In a retrospective study, Marks and colleagues (2005) assessed their findings on 36 patients with 37 symptomatic atherosclerotic intra-cranial stenoses who underwent primary balloon angioplasty.  All patients had symptoms despite medical therapy.  A total of 34 patients were available for follow-up (mean of 52.9 months, range of 6 to 128 months).  Mean pretreatment stenosis was 84.2 % before angioplasty and 43.3 % after angioplasty.  The peri-procedural death and stroke rate was 8.3 % (2 deaths and 1 minor stroke).  Two patients had strokes in the territory of angioplasty at 2 and 37 months following angioplasty.  The annual stroke rate in the territory appropriate to the site of angioplasty was 3.36 %, and for those patients with a residual stenosis of greater than or equal to 50 % it was 4.5 %.  Patients with iatrogenic dissection (n = 11) did not have transient ischemic attacks or strokes after treatment.  These investigators concluded that results of long-term follow-up suggest that intra-cranial angioplasty without stent placement reduces the risk of further stroke in symptomatic patients.

On the other hand, Hauth and colleagues (2004) found that angioplasty of intra-cranial arteries can be associated with life-threatening complications.  These investigators ascertained the feasibility and safety of angioplasty or angioplasty and stenting of extra- and intra-cranial vertebral artery (VA) stenosis.  In 16 consecutive patients (9 men, 7 women; mean age of 61 years, range of 49 to 74 years) 16 stenotic VAs were treated with angioplasty or angioplasty and stenting.  Eleven stenoses were localized in V1 segment, 1 stenosis in V2 segment and 4 stenoses in V4 segment of VA.  Fourteen VA stenoses were symptomatic, while 2 were asymptomatic.  The etiology of the stenoses was atherosclerotic in all cases.  Angioplasty was performed in 8/11 V1 and 2/4 V4 segments of the VA.  In 3/11 V1 segments and 2/4 V4 segments of the VA, combined angioplasty with stenting were used.  The procedures were successfully performed in 14/16 VAs (87%).  Complications were asymptomatic vessel dissection resulting in vessel occlusion in 1/11 V1 segments and asymptomatic vessel dissection in 2/4 V4 segments of the VA.  One patient died in the 24-hr period after the procedure because of subarachnoid hemorrhage as a complication following vessel perforation of the treated V4 segment.  These authors concluded that angioplasty or angioplasty in combination with stenting of extra-cranial VA stenoses can be performed with a high technical success rate and a low complication rate.  However, in intra-cranial VA stenosis the procedure is technically feasible but complications can be life-threatening.  The durability and procedural complication rates of primary stenting without using pre-dilation in extra- and intra-cranial VA stenosis should be defined in the future.  Moreover, in a review on vertebrobasilar disease, Savitz and Caplan (2005) noted that preliminary results of angioplasty or stenting of occlusive VA lesion in the neck reveal that re-stenosis is more common than with carotid artery stenting.  The small diameter and angulation of the VA origin complicate endovascular treatment.  Intra-cranial vertebral and basilar artery angioplasty and stenting have produced mixed results.  It is also interesting to note that Boulos and colleagues (2005) stated that placement of intra-cranial and extra-cranial drug-eluting stent appears to be a safe alternative to the medical management of atherosclerotic disease of the vertebrobasilar and carotid systems.  Moreover, these researchers concluded that further randomized studies are needed to ascertain the safety and effectiveness of this procedure.  These observations are in agreement with those of Gupta et al (2003), Doerfler et al (2004), Kim et al (2004), Komotar et al (2005), as well as Hartmann and Jensen (2005).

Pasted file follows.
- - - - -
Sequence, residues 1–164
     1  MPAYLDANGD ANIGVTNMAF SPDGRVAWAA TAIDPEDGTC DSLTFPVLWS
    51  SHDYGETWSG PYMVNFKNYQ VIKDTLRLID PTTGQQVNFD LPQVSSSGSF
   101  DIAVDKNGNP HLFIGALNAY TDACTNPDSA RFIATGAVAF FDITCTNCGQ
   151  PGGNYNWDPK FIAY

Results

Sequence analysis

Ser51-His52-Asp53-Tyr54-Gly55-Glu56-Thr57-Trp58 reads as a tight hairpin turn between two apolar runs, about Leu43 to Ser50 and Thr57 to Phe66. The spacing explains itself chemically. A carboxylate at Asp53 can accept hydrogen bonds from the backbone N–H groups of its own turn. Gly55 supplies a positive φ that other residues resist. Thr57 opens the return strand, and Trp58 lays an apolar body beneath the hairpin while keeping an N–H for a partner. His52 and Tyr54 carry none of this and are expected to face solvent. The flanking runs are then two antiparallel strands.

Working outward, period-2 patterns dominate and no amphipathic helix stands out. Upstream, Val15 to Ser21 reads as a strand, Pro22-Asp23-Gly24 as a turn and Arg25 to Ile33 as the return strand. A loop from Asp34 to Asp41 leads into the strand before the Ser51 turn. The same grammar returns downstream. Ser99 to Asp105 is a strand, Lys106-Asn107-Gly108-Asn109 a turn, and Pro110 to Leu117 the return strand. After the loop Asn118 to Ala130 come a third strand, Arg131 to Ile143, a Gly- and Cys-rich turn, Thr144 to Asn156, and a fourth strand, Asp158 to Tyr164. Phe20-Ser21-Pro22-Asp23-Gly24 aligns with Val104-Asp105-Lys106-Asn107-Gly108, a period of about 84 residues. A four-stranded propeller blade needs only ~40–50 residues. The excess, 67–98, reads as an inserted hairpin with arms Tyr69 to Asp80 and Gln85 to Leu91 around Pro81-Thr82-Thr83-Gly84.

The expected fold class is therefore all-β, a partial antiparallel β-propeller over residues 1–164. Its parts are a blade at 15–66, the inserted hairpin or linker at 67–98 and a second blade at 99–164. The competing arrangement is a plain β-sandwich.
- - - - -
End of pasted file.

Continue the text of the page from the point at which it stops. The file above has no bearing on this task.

In a retrospective study (21 intra-cranial lesions in 18 patients), Gupta and associates (2003) reported that endovascular re-vascularization of intra-cranial vessels is technically feasible and may be performed successfully.  However, peri-procedural complication and fatality rates in neurologically unstable patients are high.  Endovascular re-vascularization was performed on 8 distal internal carotid artery lesions, 6 middle cerebral artery lesions, 4 intra-cranial VA lesions, and 3 basilar artery lesions.  Re-canalization was complete in 5 arteries (Thrombolysis in Myocardial Infarction [TIMI] Grade III), partial in 14 arteries (TIMI Grade II), and complete occlusion (TIMI 0) developed in 1 artery.  In a patient with a tight basilar stenosis, no angioplasty could be performed because of the inability to cross the stenosis with the guide wire.  Major peri-procedural complications occurred in 9 (50 %) patients: intra-cranial hemorrhage in 3 (17 %), disabling ischemic stroke in 2 (11 %), and major extra-cranial hemorrhage in 4 (22 %).  Three patients died: 1 from intra-cerebral hemorrhage and 2 from cardiopulmonary failure.  These investigators suggested that patient selection, procedure timing, and peri-procedural medical management are critical factors to reduce peri-procedural morbidity and mortality.